The Bauhaus: An introduction to Modernism

In conceiving the interior as a work of art, the artist must first think of it as a space, as the overall form and the interrelationship of the space-enclosing surfaces.”
-Hemann Muthesius, The English House (1904)
This quote was written by Amanda Dameron, Editor in Chief of Dwell Magazine, as an editor’s note for the magazine’s March 2013 issue. We are introduced to this famous German architect, author and designer born on April 20, 1861 and who died in Berlin on October 26, 1927.
Adam Gottlieb Hermann Muthesius is better known as Hermann Muthesius. He is best known for promoting many of the ideas of the English Arts and Crafts movement within Germany and for his subsequent influence on early pioneers of German architectural modernism as the Bauhaus.
Staatliches Bauhaus, commonly known simply as Bauhaus, was a school in Germany that combined crafts and the fine arts, and was famous for the approach to design that it publicized and taught. It operated from 1919 to 1933. At that time, the German term Bauhaus, literally meant “house of construction” which stood for “School of Building.”
The school was founded with the idea of creating a “total” work of art, architecture, graphic design, interior design, industrial design, and typography. The school had three branches in three German cities under three different architect-directors: Walter Gropius, Hannes Meyer and Ludwig Mies van der Rohe who, along with other school leaders, decided to close the school due to pressures from the Nazi regime in the early 1930s.

The Nazi Party nor Hitler himself had a cohesive architectural policy before they came to power in 1933, Nazi writers like Wilhelm Frick and Alfred Rosenberg had already labeled the Bauhaus “un-German” and criticized its modernist styles, deliberately generating public controversy over issues like flat roofs. The party denounced the Bauhaus for its “degenerate art” and the Nazi regime was determined to crack down on what it saw as the foreign, probable Jewish influences of “cosmopolitan modernism.” Interestingly, the Bauhaus influences lived on in Nazi Germany, for Hitler’s chief engineer, Fritz Todt, began opening the new autobahn (highways) in 1935, whose bridges and service stations were bold examples of modernism. Among those submitting designs was Mies van der Rohe.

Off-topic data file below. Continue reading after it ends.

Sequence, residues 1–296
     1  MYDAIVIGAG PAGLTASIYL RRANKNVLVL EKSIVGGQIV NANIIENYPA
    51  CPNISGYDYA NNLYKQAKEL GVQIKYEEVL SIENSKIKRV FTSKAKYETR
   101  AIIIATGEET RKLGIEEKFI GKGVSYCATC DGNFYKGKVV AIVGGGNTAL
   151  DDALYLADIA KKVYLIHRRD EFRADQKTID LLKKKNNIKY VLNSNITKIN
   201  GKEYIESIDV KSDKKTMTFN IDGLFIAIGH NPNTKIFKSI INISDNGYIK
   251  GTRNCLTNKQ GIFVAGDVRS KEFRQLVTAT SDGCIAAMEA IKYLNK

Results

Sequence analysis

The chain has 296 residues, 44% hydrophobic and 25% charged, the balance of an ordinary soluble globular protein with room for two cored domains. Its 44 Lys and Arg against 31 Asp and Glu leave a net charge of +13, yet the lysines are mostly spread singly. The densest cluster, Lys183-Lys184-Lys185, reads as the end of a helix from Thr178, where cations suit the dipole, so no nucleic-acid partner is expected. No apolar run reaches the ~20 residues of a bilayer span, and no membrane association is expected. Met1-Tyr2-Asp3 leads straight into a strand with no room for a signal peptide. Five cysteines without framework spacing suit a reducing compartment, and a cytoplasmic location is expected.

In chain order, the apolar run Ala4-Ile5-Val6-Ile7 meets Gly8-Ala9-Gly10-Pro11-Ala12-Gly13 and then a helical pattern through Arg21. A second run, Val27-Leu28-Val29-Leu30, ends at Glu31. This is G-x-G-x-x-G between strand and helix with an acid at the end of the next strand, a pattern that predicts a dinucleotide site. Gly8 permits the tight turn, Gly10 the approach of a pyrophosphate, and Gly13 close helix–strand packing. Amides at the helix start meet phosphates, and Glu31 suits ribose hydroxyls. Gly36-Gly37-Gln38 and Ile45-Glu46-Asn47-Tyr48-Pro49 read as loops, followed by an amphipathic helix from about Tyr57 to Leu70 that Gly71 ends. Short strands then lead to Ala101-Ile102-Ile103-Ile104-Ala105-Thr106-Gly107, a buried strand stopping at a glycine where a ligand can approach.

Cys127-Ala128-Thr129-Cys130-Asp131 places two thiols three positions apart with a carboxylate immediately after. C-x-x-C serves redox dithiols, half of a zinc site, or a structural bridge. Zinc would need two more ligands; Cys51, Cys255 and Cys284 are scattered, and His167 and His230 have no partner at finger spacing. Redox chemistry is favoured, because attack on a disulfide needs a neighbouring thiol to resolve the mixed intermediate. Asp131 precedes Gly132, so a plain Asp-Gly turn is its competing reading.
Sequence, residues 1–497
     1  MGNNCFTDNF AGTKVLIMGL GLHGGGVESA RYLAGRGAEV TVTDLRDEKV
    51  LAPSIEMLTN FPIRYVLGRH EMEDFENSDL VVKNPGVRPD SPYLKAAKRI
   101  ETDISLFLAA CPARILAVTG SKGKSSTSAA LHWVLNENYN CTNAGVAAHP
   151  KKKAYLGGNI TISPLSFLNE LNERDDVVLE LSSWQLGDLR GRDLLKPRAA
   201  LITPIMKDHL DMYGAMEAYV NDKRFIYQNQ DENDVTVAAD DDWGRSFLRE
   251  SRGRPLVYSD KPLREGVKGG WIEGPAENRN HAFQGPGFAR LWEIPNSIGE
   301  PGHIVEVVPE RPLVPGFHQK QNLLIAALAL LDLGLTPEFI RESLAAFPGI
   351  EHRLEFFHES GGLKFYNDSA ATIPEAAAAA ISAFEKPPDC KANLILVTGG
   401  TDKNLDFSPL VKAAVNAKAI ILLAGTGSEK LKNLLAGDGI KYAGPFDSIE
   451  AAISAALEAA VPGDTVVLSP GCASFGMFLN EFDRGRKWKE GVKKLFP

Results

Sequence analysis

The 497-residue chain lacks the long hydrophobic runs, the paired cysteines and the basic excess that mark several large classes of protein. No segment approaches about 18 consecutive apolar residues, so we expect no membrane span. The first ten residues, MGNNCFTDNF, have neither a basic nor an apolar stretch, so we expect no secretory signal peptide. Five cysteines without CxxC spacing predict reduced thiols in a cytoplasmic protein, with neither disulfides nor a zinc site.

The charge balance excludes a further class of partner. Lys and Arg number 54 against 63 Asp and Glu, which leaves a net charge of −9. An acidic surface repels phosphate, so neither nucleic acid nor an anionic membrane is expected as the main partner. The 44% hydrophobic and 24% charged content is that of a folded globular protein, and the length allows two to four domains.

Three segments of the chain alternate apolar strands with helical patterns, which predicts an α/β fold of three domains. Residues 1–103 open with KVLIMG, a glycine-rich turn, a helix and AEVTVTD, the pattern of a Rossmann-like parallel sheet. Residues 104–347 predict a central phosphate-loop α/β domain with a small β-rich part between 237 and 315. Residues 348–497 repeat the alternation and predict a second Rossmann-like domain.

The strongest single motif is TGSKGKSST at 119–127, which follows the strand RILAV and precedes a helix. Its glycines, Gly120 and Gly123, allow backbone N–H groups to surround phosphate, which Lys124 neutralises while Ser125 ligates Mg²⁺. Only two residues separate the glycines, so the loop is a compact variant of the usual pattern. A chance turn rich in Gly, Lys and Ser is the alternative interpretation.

The Bauhaus had a major impact on art and architecture trends in Western Europe, the United States, Canada and Israel in the decades following its demise, as many of the artists involved fled, or were exiled, by the Nazi regime. In 2004, Tel Aviv was added to the list of world heritage sites by the UN due to its abundance of Bauhaus architecture: it had some 4,000 Bauhaus building erected from 1933 on.
In the late 1930s Mies van der Rohe re-settled in Chicago, enjoyed the sponsorship of the influential Philip Johnson – a graduate of the Harvard Graduate School of Design – and became one of the pre-eminent architects in the world.
Bauhaus objective was to unify art, craft, and technology. The machine was considered a positive element, and therefore industrial and product design were important components. The most relevant characteristic of Bauhaus is that there was no teaching of history in the school because everything was supposed to be designed and created according to first principles rather than by following precedent.
Read more about Bauhaus and its three architect directors; Walter Gropius, Hannes Meyer, and Ludwig Mies van der Rohe – these are the most closely associated with Bauhaus.
If you are the proud owner of a midcentury modern home in the Rio Grande Valley, we hope our story provides a “peak,” albeit a brief one, to why your home is such a historical treasure. Keep following RGVMOD.